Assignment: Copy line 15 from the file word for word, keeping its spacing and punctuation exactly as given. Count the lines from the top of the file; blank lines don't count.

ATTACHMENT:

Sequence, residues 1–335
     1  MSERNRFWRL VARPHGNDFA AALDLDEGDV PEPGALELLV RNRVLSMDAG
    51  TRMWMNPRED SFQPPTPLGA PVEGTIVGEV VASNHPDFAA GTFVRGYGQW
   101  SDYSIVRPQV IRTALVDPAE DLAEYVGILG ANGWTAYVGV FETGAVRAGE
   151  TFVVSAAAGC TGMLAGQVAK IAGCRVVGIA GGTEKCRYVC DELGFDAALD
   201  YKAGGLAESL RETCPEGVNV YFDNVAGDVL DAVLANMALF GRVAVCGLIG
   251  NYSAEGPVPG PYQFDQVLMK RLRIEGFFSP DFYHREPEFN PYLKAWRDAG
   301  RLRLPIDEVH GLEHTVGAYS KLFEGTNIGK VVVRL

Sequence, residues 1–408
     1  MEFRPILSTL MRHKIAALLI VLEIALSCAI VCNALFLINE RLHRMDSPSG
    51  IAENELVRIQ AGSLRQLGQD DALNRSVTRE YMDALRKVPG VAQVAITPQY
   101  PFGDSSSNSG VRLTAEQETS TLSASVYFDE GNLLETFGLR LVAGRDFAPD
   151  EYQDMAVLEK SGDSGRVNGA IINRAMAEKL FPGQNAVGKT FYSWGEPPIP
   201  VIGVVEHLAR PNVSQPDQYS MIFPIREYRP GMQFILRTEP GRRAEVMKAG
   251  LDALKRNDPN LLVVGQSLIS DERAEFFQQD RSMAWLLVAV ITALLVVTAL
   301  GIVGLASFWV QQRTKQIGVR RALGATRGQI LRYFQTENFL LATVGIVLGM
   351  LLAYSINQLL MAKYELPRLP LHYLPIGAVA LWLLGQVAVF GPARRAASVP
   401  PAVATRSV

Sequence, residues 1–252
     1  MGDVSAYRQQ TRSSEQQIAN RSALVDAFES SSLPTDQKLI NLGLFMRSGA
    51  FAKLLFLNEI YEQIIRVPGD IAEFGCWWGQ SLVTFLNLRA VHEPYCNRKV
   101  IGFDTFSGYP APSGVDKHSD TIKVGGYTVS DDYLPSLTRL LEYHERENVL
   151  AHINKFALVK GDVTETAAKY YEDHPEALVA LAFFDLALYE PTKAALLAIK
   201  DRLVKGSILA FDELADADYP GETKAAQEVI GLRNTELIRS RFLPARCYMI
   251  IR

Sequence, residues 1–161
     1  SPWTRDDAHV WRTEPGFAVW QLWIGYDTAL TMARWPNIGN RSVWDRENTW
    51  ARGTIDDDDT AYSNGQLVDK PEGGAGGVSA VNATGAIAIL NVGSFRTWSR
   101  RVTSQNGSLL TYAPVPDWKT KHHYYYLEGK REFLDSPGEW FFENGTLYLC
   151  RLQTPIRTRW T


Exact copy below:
   251  LDALKRNDPN LLVVGQSLIS DERAEFFQQD RSMAWLLVAV ITALLVVTAL